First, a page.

Everything We Know About the "Justice League" Movie -- So Far
Comic Books, Film
Whether it’s your Sanctum Sanctorum or Fortress of Solitude, no superhero hideaway is complete without a spiffy bookshelf that’s not only practical — y’know, it actually holds reading materials — but also puts your stamp on the lair. That’s where Burak Doğan comes in.
The Turkish industrial designer has created a striking series of superhero-themed shelves, based on the logos of Superman, Wonder Woman, Captain America and S.H.I.E.L.D.
There are numerous levels of comics fandom, ranging from the casual fan who picks up the occasional issue and watches the television shows and movies to the devotee, who tracks down entire runs of series and collects original art.
And then there’s the level of fan who would have an entire apartment designed in an Avengers theme.
It was Mark Waid Week last week at Marvel, and the veteran writer penned two more winning installments of S.H.I.E.L.D. (issue #3) and Daredevil (issue #13).
For the latter, Waid and artist Chris Samnee (with colorist Matthew Wilson) poked fun at the old “loved one in danger” trope, as Daredevil fought to save Kirsten from an unknown opponent. Not only did this happen with the express acknowledgment that Daredevil’s relationships tend to have unhappy ends, it explored just who might want to abduct her, and put a couple of subplot-servicing twists on top just for good measure. Waid and Samnee have been so reliably good for so long on this title that they may risk being taken for granted, but this issue was a real treat. Done in one but with a final-page hint of future danger, Waid’s script was propulsive enough to keep the reader both involved and guessing throughout.
The Helicarrier is 11 inches high, 17 inches wide and a whopping 31 inches long, and boasts two runways, microscale fighter jets, Quinjets and ground-support vehicles, plus five minifigures from Marvel’s 2012 blockbuster The Avengers, including — brace yourselves! — two female characters: Nick Fury, Captain America, Black Widow, Hawkeye and new addition Maria Hill. Imagine that.
Anyone who’s seen Captain America: The Winter Soldier or Agents of S.H.I.E.L.D. knows that in the Marvel Cinematic Universe, Hydra has secretly operated within the espionage and law-enforcement agency for decades, plotting global conquest. Now it’s time for the organization to come out of the shadows … with shirts that give new meaning to the term “sleeper agent.”
Think Geek reveals true allegiances with this glow-in-the-dark T-shirt and tank top that boast the S.H.I.E.L.D. logo when the lights are on, and the Hydra emblem when they go off. I imagine The Winter Soldier would’ve gone differently had these been standard issue at the Triskelion,
The S.H.I.E.L.D. Helicarrier may not be as futuristic as it once seemed.
DARPA, the U.S. Department of Defense’s advanced research agency, is soliciting ideas to transform planes into “aircraft carriers in the sky” that could transport, launch and retrieve unmanned drones. Clearly the Pentagon is thinking small before moving on to the flying fortresses of Marvel comics and films.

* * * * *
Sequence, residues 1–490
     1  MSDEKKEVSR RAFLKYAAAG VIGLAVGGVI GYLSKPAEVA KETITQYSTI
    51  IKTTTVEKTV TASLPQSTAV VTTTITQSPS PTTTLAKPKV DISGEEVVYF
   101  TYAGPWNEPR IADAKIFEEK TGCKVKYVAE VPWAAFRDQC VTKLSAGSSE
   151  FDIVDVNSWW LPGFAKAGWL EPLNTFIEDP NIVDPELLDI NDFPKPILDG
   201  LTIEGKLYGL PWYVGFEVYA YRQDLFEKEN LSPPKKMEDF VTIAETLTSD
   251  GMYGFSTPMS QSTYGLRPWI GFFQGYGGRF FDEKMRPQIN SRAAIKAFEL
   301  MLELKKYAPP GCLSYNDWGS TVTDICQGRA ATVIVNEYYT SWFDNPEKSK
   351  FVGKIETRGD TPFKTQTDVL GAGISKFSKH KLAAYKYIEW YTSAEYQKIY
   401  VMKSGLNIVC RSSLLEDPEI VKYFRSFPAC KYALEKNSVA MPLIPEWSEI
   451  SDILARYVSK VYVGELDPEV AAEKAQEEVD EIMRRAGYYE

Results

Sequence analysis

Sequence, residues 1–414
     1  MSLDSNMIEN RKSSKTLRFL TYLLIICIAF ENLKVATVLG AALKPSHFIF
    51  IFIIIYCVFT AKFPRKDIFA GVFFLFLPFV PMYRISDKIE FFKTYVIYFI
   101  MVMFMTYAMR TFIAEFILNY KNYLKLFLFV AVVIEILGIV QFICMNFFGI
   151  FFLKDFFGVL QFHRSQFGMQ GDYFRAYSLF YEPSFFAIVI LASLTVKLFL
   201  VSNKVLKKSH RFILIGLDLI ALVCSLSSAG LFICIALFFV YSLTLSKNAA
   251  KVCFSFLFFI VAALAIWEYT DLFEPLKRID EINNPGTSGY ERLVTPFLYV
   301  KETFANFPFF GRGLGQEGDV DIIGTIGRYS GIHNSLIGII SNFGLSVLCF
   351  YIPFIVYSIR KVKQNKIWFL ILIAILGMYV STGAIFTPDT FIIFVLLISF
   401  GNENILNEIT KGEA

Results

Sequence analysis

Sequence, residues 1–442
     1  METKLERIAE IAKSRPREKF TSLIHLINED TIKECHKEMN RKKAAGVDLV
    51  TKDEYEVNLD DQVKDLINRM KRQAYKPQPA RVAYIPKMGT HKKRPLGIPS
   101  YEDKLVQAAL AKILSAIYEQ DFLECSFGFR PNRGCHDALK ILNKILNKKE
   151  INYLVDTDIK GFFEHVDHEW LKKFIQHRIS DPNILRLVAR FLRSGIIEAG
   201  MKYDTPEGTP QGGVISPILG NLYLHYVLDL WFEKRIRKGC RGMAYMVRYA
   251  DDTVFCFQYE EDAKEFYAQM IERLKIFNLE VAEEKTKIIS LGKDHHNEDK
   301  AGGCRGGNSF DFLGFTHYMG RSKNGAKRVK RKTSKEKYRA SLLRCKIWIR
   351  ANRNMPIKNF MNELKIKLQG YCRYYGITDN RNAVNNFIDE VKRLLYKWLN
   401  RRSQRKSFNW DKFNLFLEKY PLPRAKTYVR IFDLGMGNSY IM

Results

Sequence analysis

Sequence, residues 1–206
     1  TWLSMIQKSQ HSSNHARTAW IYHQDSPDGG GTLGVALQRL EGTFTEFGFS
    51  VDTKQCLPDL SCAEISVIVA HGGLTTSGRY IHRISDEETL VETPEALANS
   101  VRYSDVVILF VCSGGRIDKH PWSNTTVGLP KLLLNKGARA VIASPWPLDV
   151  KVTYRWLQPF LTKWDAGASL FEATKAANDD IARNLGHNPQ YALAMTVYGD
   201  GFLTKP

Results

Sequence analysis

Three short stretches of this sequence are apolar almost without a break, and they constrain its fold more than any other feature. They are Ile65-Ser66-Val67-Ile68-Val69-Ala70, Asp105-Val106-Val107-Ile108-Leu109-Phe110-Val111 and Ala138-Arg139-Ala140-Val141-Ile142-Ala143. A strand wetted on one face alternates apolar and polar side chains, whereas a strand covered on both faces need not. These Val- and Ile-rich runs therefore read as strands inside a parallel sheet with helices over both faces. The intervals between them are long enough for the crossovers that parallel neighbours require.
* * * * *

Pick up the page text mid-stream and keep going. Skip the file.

The idea here is to overcome the drones’ shortcomings in “speed, range and endurance” by modifying existing large manned aircraft to serve as transport planes to haul them into action.
Dustin Weaver is best known for his work on such Marvel titles as Infinity, Avengers and S.H.I.E.L.D., but he’s also been busy creating his own space epic that most likely didn’t know existed: Amnia Cycle is a longform story that follows a space pilot named Tara and a bizarre alien life form named Amina. Weaver has drawn, and published online, three full issues of Amnia Cycle with plans to begin serializing the fourth “chapter” later this month.
Although Weaver has been seen primarily as a cover artist since the end of Infinity, that will change later this year with Marvel’s newly announced Edge of Spider-Verse series, which he’ll both write and draw. Senior Editor Nick Lowe told Comic Book Resources last week that Weaver’s work on Amnia Cycle helped secure him the writing gig.
Nick Fury was and always will be the face of S.H.I.E.L.D., but writer Brian Michael Bendis just revealed a new and surprising member to Marvel’s spy outfit: Dazzler. As revealed in today’s Uncanny X-Men #6, Dazzler has been recruited into S.H.I.E.L.D. by Maria Hill in an attempt to counter-balance Cyclops rebellious talk of a mutant revolution.
“That’s why she’s a perfect candidate. She’s on nobody’s side,” Bendis told IGN. “She is looking at this with eyes wide open. Even though her relationship with Cyclops has been very good in the past she doesn’t know how she feels about what he has turned into. Dazzler’s previous relationship [with] Scott Summers is part of the reason Maria Hill recruited her.”
It’s not the fact that she’s a mutant that makes her a surprising choice; fellow X-Men alums Kitty Pryde and Danielle Moonstar have been agents of S.H.I.E.L.D. at one point or another. What’s surprising is the prominent position the former pop star has moved into. Most recently seen in the pages of X-Treme X-Men bouncing around to alternate realities, the singer-turned-X-Man Alison Blaire has never been that much of a major player in Marvel Comics — but for a time, she was planned to be.
I don’t know all the details because I don’t read Russian, but the video speaks for itself. Remote-control, working Helicarriers transcend the language barrier. In the comments, the creator mentions that the model’s battery life is six to seven minutes, but I wouldn’t recommend reading too far down. It’s amazing how people can find negative things to say about something as completely awesome as this.